New York City ended 1996 with fewer than 1,000 homicides for the first time in nearly 30 years, an achievement that is being credited to aggressive law enforcement and a decline in the number of stranger-to-stranger homicides.
Last year’s tally of 984 homicides marked the first time since 1968 that the murder toll has fallen so low. Throughout the 1980s and early 1990s, the number of homicides in New York rose steadily, peaking in 1990, when the city set its homicide record of 2,245.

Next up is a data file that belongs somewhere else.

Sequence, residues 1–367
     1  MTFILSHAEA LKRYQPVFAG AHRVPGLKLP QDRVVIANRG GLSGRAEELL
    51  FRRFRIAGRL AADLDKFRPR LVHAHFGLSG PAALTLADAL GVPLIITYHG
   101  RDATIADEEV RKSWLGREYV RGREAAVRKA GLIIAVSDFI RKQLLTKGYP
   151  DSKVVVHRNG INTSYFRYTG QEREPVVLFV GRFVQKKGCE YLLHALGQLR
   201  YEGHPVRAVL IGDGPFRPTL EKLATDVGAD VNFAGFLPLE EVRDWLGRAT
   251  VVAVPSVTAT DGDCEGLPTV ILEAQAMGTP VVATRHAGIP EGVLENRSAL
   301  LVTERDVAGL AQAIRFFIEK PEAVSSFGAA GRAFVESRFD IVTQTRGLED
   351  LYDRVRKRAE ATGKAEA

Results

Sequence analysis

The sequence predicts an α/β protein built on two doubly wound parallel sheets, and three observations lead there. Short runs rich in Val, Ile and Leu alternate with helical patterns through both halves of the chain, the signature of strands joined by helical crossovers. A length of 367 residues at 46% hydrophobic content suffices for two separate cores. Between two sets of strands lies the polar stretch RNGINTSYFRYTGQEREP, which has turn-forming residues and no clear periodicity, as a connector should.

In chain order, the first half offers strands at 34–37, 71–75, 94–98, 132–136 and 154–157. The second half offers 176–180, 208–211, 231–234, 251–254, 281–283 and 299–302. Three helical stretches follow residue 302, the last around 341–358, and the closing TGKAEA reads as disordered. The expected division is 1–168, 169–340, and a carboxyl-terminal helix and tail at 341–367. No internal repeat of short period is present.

More aggressive law enforcement, with an emphasis on quality-of-life crimes, is said to have discouraged many criminals from carrying guns.
Preliminary data also show that fewer murders are occurring in public places, fewer are the result of spontaneous disagreements, robberies or drugs, and teen-agers are killing at a slower rate.